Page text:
Call – Opelika-Auburn News
choice between integrity and compromising the truth
Daily we are all tempted to
compromise the truth. Yet the case can be made that compromise is not all bad. After
all, healthy relationships require compromise. And we all know that politically
compromise is the secret of the democratic process.
That is a persuasive argument. But
before we embrace it, let’s look at the meaning of the word “compromise.” One
meaning is “a settlement of differences in which each side makes concessions.”
That is good politics – so long as truth is not sacrificed.
If, however, our concessions tend to
weaken our morality, then we are probably compromising with the devil. The Evil
One uses such compromise to lead us gradually away from the practice of
One virtue of the Bible’s Job is his
unwillingness, despite his suffering and the coercion of his friends, to
compromise his faith. He refused to commit evil by telling lies. Truth was important
to him. He recognized that he was accountable to God. He believed God had
created him and that one day he would have to answer to God for his conduct.
Integrity was more important than
life to Job. Here is how he explained this to one of his friends: “But for as long as I draw
breath, and for as long as God breathes life into me, I refuse to say one word
that isn't true. I refuse to confess to any charge that's false. There is no way I'll ever agree to your
accusations. I'll not deny my integrity even if it costs me my life. I'm
holding fast to my integrity and not loosening my grip—and, believe me, I'll
never regret it.”
this just biblical talk or is it possible to live in today’s world with such
integrity? I believe it not only possible; I believe I have known people who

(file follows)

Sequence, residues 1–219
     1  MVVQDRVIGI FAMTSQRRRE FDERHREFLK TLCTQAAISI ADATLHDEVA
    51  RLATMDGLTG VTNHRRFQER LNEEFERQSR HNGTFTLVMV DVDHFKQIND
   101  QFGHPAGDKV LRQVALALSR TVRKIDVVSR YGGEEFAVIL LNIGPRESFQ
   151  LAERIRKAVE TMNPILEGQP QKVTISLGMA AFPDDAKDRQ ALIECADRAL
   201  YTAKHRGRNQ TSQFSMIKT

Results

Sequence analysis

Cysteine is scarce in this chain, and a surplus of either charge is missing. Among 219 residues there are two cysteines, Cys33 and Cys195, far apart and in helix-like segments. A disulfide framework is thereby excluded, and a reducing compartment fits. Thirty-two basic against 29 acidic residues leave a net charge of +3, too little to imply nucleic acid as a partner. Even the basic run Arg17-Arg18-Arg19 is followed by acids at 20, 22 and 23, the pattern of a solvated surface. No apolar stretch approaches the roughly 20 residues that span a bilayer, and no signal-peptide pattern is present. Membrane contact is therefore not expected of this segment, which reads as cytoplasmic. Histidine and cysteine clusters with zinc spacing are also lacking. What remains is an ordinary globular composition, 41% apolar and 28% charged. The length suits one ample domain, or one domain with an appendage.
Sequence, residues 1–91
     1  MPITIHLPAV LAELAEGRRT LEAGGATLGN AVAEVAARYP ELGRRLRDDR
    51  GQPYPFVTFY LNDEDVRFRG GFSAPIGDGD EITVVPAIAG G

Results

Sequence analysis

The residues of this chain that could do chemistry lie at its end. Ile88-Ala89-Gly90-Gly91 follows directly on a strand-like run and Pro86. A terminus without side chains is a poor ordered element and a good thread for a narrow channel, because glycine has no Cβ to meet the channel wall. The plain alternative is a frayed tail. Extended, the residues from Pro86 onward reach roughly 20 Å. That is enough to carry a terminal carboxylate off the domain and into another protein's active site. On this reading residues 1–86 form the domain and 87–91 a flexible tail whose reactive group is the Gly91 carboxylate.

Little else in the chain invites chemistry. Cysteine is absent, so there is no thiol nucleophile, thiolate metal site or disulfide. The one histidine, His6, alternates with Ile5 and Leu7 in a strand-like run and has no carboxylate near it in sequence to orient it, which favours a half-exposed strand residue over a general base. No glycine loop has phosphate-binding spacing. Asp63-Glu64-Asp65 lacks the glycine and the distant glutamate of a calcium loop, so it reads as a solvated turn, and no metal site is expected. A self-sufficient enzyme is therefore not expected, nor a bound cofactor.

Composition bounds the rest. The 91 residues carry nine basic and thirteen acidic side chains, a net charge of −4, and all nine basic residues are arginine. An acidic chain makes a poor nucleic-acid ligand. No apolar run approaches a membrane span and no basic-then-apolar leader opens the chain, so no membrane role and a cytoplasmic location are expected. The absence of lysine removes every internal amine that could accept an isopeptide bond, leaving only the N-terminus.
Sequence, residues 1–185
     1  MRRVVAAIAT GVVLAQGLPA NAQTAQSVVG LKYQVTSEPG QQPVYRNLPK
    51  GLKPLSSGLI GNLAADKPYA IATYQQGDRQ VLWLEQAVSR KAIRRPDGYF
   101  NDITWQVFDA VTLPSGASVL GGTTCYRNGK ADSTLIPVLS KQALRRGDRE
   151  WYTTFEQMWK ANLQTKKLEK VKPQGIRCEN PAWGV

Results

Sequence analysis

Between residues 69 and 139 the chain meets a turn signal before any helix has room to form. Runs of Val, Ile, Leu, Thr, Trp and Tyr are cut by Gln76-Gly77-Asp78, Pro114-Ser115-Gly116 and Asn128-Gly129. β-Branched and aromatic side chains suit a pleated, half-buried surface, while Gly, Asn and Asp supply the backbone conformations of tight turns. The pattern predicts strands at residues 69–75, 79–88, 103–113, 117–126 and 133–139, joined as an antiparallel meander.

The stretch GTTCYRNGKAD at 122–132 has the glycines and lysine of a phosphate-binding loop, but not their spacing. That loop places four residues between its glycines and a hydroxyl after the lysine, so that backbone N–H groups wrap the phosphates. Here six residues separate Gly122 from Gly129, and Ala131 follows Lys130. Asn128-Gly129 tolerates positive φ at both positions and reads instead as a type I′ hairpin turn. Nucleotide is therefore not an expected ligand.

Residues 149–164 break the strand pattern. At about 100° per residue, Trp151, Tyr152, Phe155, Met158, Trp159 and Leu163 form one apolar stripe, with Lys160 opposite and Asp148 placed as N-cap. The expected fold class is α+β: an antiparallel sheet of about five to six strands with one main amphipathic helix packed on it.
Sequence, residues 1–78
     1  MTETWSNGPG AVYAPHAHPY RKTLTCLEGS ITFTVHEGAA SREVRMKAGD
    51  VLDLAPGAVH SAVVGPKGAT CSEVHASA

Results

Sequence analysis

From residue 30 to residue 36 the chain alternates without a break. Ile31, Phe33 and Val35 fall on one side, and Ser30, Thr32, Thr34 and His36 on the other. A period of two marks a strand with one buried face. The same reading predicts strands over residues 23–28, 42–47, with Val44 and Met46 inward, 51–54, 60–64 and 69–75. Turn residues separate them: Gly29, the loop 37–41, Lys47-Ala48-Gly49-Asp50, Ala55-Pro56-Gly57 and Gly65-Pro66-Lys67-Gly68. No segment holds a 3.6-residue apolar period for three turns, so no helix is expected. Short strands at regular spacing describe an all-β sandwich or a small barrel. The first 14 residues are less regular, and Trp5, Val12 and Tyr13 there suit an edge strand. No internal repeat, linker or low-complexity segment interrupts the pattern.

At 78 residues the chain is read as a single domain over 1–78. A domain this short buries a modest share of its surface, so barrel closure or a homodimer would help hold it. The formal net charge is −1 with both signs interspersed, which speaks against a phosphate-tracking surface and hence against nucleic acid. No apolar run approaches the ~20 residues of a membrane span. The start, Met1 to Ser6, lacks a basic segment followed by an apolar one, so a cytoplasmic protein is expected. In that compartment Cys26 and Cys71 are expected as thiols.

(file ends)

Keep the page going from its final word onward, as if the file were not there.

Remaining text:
have valued integrity as much as Job did.
My friend Frank Pierce was a “body”
man. He fixed wrecked cars. Years ago it was rather easy to cheat on the repair
of a car. The scheme involved repairing a car for one price and charging the
insurance company a higher price. The paint and body technician would agree to
split the difference with the car owner.
My admiration for Frank grew
enormously when he shared with me that he had lost a lot of business to other
body shops because he would not agree to such deceit. Frank never made a lot of
money; he never lived in a fancy home. However, when he died, his family and
his friends knew that an honest man, who honored Christ in his work, had gone
to be with the Lord. Frank’s integrity was not for sale!
Job’s integrity was not for sale
either. He vowed that lies would not fall from his tongue, no matter what. He
insists that he will not betray his Maker. After all, God made him, and God
gave him breath. So he declares that even with his last breath, he will honor
his Creator by being truthful.
Such a determined attitude reminds
us of Methodism’s John Wesley who wished with his last breath to offer praise
to God. We know that some people die with profanity on their lips, their final
breath used for cursing, sometimes even cursing God. Wesley was praising God
when he drew his last breath.
I have witnessed such a death scene.
I was present in the hospital room where a godly woman was dying. As her family